Dengue cases hit a 20-year high
More than 2000 cases of the mosquito-borne disease were confirmed in Australia last year, federal Health Department data shows.
University of Sydney mosquito expert Cameron Webb said dengue fever cases were increasing globally, and travellers were bringing the disease back to Australia. But, he said, if a person brought dengue fever back as an unwanted souvenir, they were unlikely to pass it on because most local mosquito species could not transmit the disease.
Microbiology professor Cameron Simmons, of the Peter Doherty Institute , said dengue fever was endemic (constantly being transmitted) throughout much of south-east Asia and the western Pacific , which were popular destinations for Australian travellers.
‘‘ Dengue has been a problem globally for 20 years, and in the last 10 years we have seen epidemic spread of the virus through many countries in our neighbourhood,’’ he said. ‘‘ The chance of travellers being infected may well be increasing.’’
But the increased number of cases in Australia could also be because more doctors were running tests that determined if returned travellers were infected with the disease.
The disease takes between three and 10 days to incubate, and causes flu-like symptoms that last for about a week. ‘‘ It can be a pretty miserable week of your life, and it sometimes takes a few weeks to fully recover,’’ Dr Simmons said.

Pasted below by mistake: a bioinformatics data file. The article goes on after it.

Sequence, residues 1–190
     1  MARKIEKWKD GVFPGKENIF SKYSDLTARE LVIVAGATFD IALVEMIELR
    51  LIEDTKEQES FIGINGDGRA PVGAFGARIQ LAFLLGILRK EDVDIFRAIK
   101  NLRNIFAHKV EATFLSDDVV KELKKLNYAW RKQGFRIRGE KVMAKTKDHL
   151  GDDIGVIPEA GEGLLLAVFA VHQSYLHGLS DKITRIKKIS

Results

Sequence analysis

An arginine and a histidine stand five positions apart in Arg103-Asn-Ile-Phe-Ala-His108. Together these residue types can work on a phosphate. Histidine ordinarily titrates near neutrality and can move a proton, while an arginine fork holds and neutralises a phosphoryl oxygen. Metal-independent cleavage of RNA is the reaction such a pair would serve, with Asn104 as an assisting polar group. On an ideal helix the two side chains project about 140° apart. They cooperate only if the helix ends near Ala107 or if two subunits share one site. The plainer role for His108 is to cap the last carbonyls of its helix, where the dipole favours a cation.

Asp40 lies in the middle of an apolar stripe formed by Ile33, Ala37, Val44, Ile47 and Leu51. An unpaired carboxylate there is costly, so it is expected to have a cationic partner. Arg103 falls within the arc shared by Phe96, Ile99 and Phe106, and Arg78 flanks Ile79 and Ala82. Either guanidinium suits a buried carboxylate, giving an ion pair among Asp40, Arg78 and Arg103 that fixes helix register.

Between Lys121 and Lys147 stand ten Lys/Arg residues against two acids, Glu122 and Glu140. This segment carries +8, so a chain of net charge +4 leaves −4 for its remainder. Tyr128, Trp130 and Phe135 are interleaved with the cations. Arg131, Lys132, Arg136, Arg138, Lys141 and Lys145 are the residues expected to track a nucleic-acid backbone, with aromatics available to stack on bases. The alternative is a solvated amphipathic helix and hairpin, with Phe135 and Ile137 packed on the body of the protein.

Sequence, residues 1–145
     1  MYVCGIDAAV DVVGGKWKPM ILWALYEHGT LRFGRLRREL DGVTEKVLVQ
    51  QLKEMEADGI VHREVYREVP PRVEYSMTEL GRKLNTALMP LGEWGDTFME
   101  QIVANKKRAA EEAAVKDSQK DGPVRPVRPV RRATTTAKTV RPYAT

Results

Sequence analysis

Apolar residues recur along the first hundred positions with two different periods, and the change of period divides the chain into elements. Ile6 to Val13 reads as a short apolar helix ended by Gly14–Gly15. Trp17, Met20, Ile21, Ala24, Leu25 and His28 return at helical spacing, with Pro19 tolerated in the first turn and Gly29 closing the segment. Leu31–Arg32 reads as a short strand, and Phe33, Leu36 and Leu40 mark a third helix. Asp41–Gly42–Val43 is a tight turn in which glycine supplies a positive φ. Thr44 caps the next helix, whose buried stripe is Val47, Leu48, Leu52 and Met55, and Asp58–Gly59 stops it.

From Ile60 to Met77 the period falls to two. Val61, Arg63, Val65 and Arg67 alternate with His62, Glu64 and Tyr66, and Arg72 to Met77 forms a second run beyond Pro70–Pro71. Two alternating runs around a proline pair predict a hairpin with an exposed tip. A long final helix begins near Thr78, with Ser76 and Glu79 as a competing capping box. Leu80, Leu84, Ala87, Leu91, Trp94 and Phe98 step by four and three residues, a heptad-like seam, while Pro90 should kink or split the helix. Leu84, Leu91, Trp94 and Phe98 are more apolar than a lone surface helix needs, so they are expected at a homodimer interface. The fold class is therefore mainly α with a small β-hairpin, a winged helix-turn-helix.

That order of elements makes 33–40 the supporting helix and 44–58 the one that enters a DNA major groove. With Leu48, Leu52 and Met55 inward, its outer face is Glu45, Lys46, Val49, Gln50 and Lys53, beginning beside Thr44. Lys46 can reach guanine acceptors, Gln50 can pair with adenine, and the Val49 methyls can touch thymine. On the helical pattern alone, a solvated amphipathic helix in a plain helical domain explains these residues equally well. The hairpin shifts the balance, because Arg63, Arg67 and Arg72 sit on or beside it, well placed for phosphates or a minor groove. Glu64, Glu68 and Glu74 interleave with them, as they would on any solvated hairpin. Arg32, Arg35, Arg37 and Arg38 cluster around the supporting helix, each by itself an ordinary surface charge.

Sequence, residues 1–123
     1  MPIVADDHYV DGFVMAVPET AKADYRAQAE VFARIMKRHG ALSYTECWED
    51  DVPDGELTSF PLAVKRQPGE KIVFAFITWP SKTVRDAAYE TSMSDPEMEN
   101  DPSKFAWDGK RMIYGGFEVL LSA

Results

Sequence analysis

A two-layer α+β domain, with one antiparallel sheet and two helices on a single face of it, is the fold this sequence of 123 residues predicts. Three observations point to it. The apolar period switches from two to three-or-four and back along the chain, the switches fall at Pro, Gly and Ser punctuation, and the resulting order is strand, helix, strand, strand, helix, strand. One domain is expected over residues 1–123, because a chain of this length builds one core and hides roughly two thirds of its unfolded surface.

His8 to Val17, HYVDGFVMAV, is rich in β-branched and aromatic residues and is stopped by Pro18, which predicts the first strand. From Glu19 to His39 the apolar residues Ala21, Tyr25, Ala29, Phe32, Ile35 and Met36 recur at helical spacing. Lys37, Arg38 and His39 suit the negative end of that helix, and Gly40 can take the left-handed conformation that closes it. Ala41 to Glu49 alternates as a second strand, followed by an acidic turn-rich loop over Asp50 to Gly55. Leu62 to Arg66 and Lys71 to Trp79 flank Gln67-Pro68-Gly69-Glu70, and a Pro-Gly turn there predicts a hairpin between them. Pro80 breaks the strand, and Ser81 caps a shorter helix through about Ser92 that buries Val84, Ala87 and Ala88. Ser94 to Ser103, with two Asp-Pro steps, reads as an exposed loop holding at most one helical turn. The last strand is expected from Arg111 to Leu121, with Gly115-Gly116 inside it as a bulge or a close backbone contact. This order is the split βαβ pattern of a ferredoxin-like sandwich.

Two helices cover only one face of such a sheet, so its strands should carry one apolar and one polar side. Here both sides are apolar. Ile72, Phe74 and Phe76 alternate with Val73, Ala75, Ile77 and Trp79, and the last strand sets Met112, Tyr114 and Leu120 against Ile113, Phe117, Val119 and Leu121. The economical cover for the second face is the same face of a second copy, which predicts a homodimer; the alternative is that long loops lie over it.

An estimated 390 million people worldwide are infected with the dengue virus each year.
Dengue fever does not recur after the initial bout of the disease. However, if someone is infected a second time from another mosquito bite, the risk of potentially deadly complications such as internal bleeding or hemorrhaging from the nose and gums greatly increases, Dr Simmons said.
Dengue fever cases hit a 20-year high in Victoria and NSW last year, with the states recording 461 and 450 cases respectively. Younger people were over-represented in the figures for dengue infections last year. Those aged 25 to 34 accounted for about one in four of the 2129 cases, despite making up just 15 per cent of the Australian population.
There was a roughly even split of men and women contracting the disease .
Queensland has had by far the most dengue cases of any state over the past two decades, experiencing sudden rises in cases in 1993, 1998, 2003 and 2009 (when more than 1000 were confirmed ).
Dr Simmons said that was because far north Queensland was one of the few parts of Australia with mosquitoes capable of spreading the virus, and local outbreaks had occurred after infected travellers brought the disease back with them from overseas.
However, infection numbers in Queensland have been down in recent years, in part because of the Eliminate Dengue program, which effectively immunised the local mosquito population in tropical areas against the dengue virus.
The mosquito that spreads dengue, Aedes aegypti, is also capable of transmitting the Zika virus, which led to warnings of similar outbreaks in far north Queensland if an infected traveller brought the disease into the country.
There were 59 confirmed Zika cases in Australia last year, all of which were from travellers who were infected overseas.
Published by: AGE – Sunday, 15 Jan 2017 – Page 3